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R. T. Sutton, P-P. Mathieu, M. Collins, and B. Dong
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R. T. Sutton, S. P. Jewson, and D. P. Rowell

Abstract

The tropical Atlantic region, unlike the tropical Pacific, is not dominated by any single mode of climate variability such as the El Niño–Southern Oscillation (ENSO). Rather, this region is subject to multiple competing influences of comparable importance. The nature and potential predictability of these various influences has been investigated by analysis of an ensemble of atmospheric GCM integrations forced with observed SST for the period December 1948–November 1993.

The dominant modes of internal atmospheric and SST-forced variability are determined. Internal variability in the tropical Atlantic region is dominated by the equatorward extension of extratropical patterns, especially the North Atlantic oscillation. Three different SST-forced signals are identified. These are (a) a remote response to ENSO, (b) a response to the so-called Atlantic Dipole SST pattern, and (c) a response to equatorial Atlantic SST anomalies. The spatial structure and seasonality of these different elements of climate variability are diagnosed and feedbacks onto the ocean are assessed. The evidence presented supports the possibility of ENSO-like variability in the equatorial Atlantic, but does not support the suggestion that the Atlantic Dipole is a coupled ocean–atmosphere mode of variability.

An important feature of this study is that the results include quantitative estimates of the comparative importance, in different regions and different seasons, of the various influences on tropical Atlantic climate variability. These estimates are used to assess the potential predictability of key climatic indices.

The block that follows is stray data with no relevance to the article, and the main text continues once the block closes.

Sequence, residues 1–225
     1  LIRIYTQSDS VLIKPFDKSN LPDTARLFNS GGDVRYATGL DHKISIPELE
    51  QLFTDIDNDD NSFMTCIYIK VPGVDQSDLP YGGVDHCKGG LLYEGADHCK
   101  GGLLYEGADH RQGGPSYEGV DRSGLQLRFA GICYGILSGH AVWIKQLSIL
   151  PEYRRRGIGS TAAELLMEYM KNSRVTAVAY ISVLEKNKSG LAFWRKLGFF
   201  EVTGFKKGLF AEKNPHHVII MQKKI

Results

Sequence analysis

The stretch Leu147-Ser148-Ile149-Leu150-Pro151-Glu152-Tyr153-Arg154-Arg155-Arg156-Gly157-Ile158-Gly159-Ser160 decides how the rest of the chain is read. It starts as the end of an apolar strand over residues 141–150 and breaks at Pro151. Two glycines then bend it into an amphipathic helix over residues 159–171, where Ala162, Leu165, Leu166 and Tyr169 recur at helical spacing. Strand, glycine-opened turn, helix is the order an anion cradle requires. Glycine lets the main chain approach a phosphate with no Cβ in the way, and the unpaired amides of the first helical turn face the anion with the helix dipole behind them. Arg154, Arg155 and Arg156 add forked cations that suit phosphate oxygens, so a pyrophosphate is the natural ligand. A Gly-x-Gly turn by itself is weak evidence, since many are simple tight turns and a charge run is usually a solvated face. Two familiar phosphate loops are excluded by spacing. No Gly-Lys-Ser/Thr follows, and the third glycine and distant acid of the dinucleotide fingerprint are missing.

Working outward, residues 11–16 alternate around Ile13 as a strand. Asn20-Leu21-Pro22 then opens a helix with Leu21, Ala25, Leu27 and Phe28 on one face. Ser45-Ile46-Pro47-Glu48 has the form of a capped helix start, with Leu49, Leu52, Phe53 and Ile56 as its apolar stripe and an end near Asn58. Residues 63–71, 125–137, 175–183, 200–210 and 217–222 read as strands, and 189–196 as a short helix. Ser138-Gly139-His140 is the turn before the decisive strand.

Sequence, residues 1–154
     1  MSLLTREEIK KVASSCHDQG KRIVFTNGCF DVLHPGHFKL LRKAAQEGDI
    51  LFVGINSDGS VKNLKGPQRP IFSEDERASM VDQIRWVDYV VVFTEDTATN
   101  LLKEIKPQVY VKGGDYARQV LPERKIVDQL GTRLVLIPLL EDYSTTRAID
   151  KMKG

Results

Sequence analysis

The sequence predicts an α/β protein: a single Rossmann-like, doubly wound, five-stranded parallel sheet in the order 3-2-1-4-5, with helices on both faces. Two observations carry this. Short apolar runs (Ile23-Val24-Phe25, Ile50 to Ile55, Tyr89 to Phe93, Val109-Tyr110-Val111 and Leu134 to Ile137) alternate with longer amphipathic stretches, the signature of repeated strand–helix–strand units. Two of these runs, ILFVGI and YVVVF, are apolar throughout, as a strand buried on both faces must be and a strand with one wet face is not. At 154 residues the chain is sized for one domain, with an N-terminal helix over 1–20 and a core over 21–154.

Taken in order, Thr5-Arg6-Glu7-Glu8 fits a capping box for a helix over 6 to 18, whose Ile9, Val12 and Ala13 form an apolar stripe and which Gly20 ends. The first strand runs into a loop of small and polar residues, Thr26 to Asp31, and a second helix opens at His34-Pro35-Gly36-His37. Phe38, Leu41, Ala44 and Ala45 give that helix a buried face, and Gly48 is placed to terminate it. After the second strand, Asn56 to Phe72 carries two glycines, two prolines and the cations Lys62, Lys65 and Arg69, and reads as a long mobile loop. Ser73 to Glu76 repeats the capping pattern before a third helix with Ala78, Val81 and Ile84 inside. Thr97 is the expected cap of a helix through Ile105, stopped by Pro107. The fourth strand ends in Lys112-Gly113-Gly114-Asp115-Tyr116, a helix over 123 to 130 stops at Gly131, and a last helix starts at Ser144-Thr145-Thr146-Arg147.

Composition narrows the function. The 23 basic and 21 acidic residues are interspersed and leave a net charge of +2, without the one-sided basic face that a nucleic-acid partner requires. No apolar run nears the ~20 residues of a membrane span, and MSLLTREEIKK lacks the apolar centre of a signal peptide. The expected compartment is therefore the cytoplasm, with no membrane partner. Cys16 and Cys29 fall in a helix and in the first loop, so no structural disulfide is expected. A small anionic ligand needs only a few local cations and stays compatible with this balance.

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P-P. Mathieu, R. T. Sutton, B. Dong, and M. Collins

Abstract

The predictability of winter climate over the North Atlantic–European (NAE) region during ENSO events is investigated. Rather than employing traditional composite analyses, the authors focus on the impacts of six individual events: three El Niño events and three La Niña events. The investigation is based on the analysis of ensemble simulations with an atmospheric GCM forced with prescribed sea surface temperatures (SST) for the period December 1985–May 2001, and on observations. Model experiments are used to separate the respective roles of SST anomalies in the Indo-Pacific basin and in the Atlantic basin.

A significant (potentially predictable) climate signal is found in the NAE region for all six ENSO events. However, there are notable differences in the impacts of individual El Niño and La Niña events. These differences arise not simply from atmospheric internal variability but also because the atmosphere is sensitive to specific features of the SST anomaly fields that characterize the individual events. The different impacts arise partly from differences in Indo-Pacific SST and partly from differences in Atlantic SST. SST anomalies in both ocean basins can influence tropical convection and excite a Rossby wave response over the North Atlantic. The evidence presented here for the importance of Atlantic Ocean conditions argues that, in the development of systems for seasonal forecasting, attention should not be focused too narrowly on the tropical Pacific Ocean.

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Buwen Dong, Rowan T. Sutton, Len Shaffrey, and Nicholas P. Klingaman

Abstract